Everyone tells me I’m not much better than a goldfish.
It is suggested our attention spans are getting shorter. Some unkindly suggest that the average capacity for human attention is now shorter than the nine second bar set by our attentive aquatic chums.
Forgive me for taking this personally, but I’m just not entirely convinced this is true. If my attention span has been so decimated then how did I manage to spend four hours watching Netflix last night? To such a point in fact that my computer had to check I was conscious and wanted to ‘Continue watching?’
I think it’s better perhaps to consider attention as a muscle, with a reflex for diverting itself elsewhere if it knows what is going to happen next and doesn’t like it. The proliferation of screens in our daily lives has ushered in a deluge of information and our attention has had to adapt. I think this reflex is now quicker than it ever has been.
"The key isn’t just cutting down everything and force-feeding people an eyeball-busting six second sensory overload, it’s offering the audience options on when to choose to immerse, when to be brief and when to be gone."
- Paddy Collins, Industry Manager, YouTube UK
Which brings us to advertising. With these new screens has come a slew of new advertising. People are now exposed to thousands of commercial messages each day. Some short, some long, some skippable, some forced, a few on giant animated billboards and hundreds in feeds moving at breakneck speeds.
At the beginning of this year YouTube stopped serving adverts that you had to watch for 30 seconds before seeing the video your wanted, because it wasn’t a good viewing experience. Simply put, if I’m not interested in something, then being forced to get through thirty seconds of it feels interminable. On the other hand if I am paying attention, then thirty seconds is too fleeting.
While perhaps a simple change to make, this has profound effects on how we try and capture attention.
The most successful digital campaigns draw this thinking into their orchestration. They balance longer skippable pieces with shorter bites that tease, amplify, or echo the message. The key isn’t just cutting down everything and force-feeding people an eyeball-busting six second sensory overload, it’s offering the audience options on when to choose to immerse, when to be brief and when to be gone.
At SxSW earlier this month we unveiled the entries into our Greatest Story Ever (Re)Told initiative in which 13 creative agencies from around the world came together to reimagine traditional fairy tales in bunches of 6 second, 15 second, and skippable pieces. The Three Little Pigs became a bickering reality show, Rapunzel was recast by renowned trap artist Nadia Rose and very much in control of whether she decided to let her hair down, the Ugly Duckling asked us searching questions of what it means to grow older, and Cinderella got a film noir makeover.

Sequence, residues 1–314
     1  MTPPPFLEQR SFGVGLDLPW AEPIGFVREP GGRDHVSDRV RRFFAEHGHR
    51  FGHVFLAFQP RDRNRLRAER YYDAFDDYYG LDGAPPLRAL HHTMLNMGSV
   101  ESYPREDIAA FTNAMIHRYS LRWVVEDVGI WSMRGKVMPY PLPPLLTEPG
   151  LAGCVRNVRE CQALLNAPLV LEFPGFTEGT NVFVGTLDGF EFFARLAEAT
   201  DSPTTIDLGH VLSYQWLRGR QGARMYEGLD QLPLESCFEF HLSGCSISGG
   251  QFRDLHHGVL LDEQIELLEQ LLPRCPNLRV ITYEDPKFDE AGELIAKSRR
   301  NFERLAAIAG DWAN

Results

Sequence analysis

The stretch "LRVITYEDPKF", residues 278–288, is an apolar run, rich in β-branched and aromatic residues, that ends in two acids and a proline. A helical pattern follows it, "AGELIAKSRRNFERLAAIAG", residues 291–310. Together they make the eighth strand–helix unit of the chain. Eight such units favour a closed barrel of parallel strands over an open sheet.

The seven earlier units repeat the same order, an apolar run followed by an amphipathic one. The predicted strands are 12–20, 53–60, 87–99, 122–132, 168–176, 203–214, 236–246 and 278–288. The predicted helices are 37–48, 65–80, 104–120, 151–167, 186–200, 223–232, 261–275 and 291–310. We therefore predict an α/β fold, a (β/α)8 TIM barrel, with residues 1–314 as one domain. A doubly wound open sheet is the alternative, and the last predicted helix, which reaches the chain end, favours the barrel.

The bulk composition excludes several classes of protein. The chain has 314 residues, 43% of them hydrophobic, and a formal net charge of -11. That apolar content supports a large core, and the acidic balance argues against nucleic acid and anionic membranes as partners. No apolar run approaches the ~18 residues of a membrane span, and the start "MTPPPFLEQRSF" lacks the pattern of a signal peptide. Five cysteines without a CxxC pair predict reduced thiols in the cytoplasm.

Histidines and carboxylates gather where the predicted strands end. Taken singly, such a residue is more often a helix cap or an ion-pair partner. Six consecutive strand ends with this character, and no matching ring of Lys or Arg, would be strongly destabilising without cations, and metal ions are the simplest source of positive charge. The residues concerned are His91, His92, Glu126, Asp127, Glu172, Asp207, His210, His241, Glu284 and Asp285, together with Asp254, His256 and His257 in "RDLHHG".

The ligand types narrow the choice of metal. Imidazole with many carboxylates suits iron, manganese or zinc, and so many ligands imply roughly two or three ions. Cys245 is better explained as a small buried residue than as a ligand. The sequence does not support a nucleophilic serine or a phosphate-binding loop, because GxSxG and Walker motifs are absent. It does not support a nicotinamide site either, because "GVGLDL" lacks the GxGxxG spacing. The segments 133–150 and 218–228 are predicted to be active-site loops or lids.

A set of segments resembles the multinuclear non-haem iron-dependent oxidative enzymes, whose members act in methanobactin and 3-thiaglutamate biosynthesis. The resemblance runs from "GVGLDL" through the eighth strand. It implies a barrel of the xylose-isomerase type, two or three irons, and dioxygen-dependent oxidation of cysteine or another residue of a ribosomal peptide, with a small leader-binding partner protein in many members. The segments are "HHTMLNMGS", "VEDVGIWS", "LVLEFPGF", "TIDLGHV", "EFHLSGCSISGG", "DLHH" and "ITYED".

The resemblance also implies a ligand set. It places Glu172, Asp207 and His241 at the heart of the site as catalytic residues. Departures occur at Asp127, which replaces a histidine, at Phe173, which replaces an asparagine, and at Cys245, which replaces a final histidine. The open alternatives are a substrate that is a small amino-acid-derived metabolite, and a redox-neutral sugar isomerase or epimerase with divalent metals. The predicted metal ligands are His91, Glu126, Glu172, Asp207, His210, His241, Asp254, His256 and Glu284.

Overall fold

Seeing these stories as systems, as opposed to linear narratives, gave new ways into classic tales. Setting up casts of characters in unfamiliar orders, playing with pacing, framing unusual shots, drawing everything together with a visual or audio motif, teasing big reveals or punching hard from the first second with bold colours – these were just some of the techniques that allowed our agencies to build a world for viewers to immerse themselves in with just three formats lengths.
The significant difference can be seen in the change of narrative arc. Single 30 seconds adverts traditionally lead in gently, build, climax with a big reveal or punchline, then resolve to make an offer and show the brand. These new systems though unfold on a different tempo, they have unexpected shifts and subtle clues, there are multiple peaks and ultimately, more story for those who choose it. For digital audiences this pulsing and engaging style is how you short-circuit the reflex to skip and hook attention. The narrative arc oscillates and becomes more about hitting repeated heartbeats, not lumbering up one steep hill.
At YouTube, we use freely available analytics to see where in the fairy tale films people paid attention and where did they drop away. Over the coming weeks we’ll also use studies and surveys to see which of the stories were most memorable. This ability to test and experiment is a crucial component of evolving our storytelling.
Sharper reflexes and smaller screens are changing the visual language of advertising and our perception of pace. If you do the same old thing you’ll get the same old results, but try something new, something different and built to how people are consuming – then I suspect people will really start paying attention to you.
Find the Fairy Tales at retold.withyoutube.com and watch our session 'Once Upon A Time in AdLand: Fairytale Formats for Video' from Advertising Week Europe 2018, to hear from BBH London and Ogilvy London speak about the initiative directly.